One way of cashing out a 401(k) plan is by changing jobs, according to Fidelity, but penalties still apply. Options when leaving a job include cashing out the account, rolling it into an individual retirement account, or if the employer allows, keeping it in the existing plan.
Employees who cash out their 401(k) are usually subject to a 10-percent penalty plus any income tax on the amount they withdraw. In high-income individuals, taxes and penalties can approach 50 percent of the withdrawal, warns Fidelity. Employees who qualify for a hardship withdrawal face similar penalties unless they qualify for an exemption.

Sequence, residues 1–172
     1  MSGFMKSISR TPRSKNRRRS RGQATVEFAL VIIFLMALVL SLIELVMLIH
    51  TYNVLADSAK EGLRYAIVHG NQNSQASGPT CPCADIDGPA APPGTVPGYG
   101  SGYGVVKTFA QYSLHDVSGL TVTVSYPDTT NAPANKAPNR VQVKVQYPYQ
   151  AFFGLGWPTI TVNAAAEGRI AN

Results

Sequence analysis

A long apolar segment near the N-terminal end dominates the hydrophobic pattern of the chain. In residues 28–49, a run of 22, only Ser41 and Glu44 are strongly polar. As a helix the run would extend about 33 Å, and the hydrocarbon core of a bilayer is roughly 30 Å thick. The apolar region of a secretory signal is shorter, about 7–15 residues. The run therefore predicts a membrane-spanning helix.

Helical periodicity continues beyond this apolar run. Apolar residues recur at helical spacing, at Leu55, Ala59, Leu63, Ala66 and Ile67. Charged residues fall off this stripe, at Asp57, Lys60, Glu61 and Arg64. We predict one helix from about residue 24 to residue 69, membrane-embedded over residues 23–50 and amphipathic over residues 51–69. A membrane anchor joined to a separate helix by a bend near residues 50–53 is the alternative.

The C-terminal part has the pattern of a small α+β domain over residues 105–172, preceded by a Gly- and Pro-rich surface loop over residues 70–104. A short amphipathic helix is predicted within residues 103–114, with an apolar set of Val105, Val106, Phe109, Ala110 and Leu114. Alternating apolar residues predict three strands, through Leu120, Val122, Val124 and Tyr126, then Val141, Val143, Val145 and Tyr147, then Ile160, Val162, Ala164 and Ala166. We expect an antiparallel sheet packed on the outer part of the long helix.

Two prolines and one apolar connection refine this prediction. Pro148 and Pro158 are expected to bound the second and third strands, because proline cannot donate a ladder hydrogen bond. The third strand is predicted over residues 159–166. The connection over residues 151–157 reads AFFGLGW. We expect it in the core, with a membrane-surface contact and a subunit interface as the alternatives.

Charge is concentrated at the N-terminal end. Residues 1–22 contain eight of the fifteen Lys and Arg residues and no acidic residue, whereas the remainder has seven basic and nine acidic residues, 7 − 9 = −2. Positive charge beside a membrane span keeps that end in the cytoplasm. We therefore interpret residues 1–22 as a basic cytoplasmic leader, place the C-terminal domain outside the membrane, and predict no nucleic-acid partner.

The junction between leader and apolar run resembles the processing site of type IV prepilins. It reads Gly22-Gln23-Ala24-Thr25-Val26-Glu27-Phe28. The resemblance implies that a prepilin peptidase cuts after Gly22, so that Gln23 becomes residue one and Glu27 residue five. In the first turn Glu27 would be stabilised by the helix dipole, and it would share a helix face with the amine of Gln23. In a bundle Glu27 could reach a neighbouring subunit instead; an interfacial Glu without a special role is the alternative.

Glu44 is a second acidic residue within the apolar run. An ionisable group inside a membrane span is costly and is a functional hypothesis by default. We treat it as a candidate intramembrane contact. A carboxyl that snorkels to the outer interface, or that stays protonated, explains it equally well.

An employee who leaves a job at age 55 is exempt from the penalty, advises Forbes. However, if he reinvests the money in an IRA, he forfeits the right to access the funds without penalty until age 59 1/2.
Many companies give employees the right to borrow against their 401(k) without actually cashing it out, according to Forbes. Using the option gives access to the lesser of $50,000 or half the amount of the account without the incurring the tax or penalty. However, it requires the employee to pay back all the money he borrows from the account, with interest, within five years of the withdrawal. A second potential pitfall of this option is that employers can demand quick repayment when the employee leaves the job. If the employee does not meet the demand, the employer reports the loan as a disbursement, and the employee is subject to the penalty and taxes.